Bowhead whales and Greenland sharks can live up to two centuries, and century-old Galapagos giant tortoises are just young adults. But none of these creatures can hold a candle to corals and sponges. Although both corals and sponges look somewhat like plants, they are two very different kinds of animals that can grow to be thousands of years old.
Corals are made up of thousands of tiny multicellular polyps, each an individual organism that feeds on microscopic plankton and tiny fish they catch with tiny tentacles. Corals can reproduce sexually or asexually, and asexual reproduction leads to new polyps with the identical genetic code of the parent. Scientists studying elkhorn corals in Florida and the Caribbean have found that the oldest genotypes of this endangered species have been around more than 5,000 years.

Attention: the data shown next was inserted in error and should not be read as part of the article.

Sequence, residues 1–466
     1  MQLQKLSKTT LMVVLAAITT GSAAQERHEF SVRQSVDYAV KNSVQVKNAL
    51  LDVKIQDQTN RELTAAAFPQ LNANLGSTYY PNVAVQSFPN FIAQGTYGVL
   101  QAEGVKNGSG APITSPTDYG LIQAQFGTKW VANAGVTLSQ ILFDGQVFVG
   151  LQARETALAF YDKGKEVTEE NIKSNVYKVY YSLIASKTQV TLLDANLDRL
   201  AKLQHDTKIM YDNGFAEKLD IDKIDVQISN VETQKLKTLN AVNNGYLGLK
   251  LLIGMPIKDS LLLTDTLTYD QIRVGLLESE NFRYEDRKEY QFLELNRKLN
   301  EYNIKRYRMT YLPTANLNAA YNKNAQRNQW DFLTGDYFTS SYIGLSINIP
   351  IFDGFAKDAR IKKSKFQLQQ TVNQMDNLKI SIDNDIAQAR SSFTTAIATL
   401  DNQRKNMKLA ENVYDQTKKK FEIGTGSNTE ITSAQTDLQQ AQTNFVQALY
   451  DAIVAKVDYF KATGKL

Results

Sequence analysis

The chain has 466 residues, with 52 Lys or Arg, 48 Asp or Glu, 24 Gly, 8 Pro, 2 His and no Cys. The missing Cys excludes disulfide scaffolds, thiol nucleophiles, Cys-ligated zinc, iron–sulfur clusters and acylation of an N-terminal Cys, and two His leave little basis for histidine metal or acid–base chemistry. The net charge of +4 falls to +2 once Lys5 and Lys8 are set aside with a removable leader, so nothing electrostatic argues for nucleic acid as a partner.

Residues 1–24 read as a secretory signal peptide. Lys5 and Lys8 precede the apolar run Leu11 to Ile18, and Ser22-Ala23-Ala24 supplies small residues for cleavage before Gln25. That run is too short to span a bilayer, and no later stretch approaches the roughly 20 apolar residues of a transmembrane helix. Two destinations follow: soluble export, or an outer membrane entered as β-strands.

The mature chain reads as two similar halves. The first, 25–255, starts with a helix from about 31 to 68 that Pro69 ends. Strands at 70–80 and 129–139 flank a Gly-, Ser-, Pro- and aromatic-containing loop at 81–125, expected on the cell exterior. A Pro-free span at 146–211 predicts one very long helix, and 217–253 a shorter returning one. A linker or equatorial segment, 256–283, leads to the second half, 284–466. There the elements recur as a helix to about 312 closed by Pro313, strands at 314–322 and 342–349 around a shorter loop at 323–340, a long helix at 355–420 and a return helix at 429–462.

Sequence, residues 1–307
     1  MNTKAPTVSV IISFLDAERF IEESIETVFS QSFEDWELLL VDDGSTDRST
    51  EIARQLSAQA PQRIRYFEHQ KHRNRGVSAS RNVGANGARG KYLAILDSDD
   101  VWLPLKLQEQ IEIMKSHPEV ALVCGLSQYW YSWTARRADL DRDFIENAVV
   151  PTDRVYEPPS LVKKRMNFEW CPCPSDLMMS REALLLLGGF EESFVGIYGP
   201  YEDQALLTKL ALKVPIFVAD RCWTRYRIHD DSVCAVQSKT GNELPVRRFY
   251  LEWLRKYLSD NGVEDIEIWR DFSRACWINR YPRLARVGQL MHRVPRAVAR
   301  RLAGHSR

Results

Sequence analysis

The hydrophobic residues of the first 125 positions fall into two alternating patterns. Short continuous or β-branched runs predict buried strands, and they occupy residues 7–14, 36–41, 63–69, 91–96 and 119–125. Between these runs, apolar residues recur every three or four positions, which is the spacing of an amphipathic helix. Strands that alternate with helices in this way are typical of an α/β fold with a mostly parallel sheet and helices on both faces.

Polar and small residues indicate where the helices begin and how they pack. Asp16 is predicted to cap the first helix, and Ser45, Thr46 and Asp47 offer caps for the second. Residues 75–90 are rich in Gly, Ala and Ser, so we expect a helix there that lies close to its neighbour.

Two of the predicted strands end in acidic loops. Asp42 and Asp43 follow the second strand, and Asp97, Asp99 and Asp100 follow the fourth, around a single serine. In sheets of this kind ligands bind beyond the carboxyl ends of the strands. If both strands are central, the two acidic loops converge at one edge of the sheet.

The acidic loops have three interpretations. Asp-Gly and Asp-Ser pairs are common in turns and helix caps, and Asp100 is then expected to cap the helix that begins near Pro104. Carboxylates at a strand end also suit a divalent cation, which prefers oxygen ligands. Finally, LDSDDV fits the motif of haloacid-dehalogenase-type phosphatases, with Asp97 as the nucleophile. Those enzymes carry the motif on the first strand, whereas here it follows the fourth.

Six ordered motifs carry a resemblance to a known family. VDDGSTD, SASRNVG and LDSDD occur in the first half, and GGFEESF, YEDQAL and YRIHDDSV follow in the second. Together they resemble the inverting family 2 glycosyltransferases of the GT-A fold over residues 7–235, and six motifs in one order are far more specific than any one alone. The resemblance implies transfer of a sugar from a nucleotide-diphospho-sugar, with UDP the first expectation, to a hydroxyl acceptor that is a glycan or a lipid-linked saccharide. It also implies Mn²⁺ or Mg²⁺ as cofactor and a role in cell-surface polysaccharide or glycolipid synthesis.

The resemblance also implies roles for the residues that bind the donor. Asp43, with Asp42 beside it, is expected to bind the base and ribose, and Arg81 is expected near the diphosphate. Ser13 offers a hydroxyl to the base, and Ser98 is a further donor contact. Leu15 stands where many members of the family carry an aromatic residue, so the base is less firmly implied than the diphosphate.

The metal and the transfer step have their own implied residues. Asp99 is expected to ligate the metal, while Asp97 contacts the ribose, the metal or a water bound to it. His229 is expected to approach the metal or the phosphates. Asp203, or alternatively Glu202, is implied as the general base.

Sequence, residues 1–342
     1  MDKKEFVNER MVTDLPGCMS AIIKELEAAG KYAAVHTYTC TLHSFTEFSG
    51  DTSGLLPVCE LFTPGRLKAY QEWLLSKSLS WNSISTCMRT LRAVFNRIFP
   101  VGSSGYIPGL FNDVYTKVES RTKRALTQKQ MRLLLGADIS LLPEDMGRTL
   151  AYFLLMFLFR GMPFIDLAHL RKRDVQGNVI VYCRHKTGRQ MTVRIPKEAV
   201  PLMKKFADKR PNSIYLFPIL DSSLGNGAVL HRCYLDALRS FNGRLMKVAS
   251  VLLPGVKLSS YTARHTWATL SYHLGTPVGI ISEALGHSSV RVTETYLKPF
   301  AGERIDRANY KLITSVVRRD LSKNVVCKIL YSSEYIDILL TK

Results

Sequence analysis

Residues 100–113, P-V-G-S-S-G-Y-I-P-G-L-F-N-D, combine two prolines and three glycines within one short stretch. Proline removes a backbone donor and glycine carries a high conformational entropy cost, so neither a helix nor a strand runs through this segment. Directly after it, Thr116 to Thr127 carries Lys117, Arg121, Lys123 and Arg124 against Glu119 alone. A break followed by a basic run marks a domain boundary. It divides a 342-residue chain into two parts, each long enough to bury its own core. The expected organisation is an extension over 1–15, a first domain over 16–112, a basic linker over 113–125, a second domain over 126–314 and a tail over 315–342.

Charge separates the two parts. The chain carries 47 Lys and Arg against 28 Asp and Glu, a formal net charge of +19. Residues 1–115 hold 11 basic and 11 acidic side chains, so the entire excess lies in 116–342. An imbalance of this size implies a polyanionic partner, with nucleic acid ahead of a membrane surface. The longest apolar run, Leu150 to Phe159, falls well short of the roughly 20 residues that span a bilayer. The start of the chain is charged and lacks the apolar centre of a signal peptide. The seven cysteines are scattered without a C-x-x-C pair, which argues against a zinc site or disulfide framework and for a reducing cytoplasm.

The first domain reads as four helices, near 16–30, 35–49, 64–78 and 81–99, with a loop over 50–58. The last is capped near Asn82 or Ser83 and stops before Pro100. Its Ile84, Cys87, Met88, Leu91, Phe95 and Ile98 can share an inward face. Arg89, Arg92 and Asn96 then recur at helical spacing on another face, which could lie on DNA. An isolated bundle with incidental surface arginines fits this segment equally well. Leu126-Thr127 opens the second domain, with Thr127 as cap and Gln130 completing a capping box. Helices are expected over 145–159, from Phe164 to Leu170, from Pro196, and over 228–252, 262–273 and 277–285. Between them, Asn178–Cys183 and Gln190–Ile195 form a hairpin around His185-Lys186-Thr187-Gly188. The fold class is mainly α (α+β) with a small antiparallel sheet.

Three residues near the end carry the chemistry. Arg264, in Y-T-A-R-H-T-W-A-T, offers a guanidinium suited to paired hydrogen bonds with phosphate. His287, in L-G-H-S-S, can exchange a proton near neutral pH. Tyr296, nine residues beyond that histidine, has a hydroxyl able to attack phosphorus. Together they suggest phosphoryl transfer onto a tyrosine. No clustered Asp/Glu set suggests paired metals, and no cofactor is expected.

Sponges differ quite a bit from corals, but they stay in one place just like corals. Without a nervous, circulatory, respiratory, digestive or excretory system, sponges depend on the flow of water through them to get food and oxygen and to remove wastes. There is no simple way to estimate the age of a sponges, but size can be an indicator, and the oldest is estimated to be 4,500 years. But now, scientists have found a sponge about the size of a car — the world’s largest known sponge and perhaps the world’s oldest animal — 7,000 feet deep at the Papahānaumokuākea Marine National Monument in Hawaii.
Living for so long shows the hardiness of corals and sponges despite major changes in their environment over time. Human-caused climate change, however, will put that resilience to the test. It’s occurring much more quickly than typical historical variations of climate, and scientists have to wait to see if these ancient creatures can withstand that pace of change.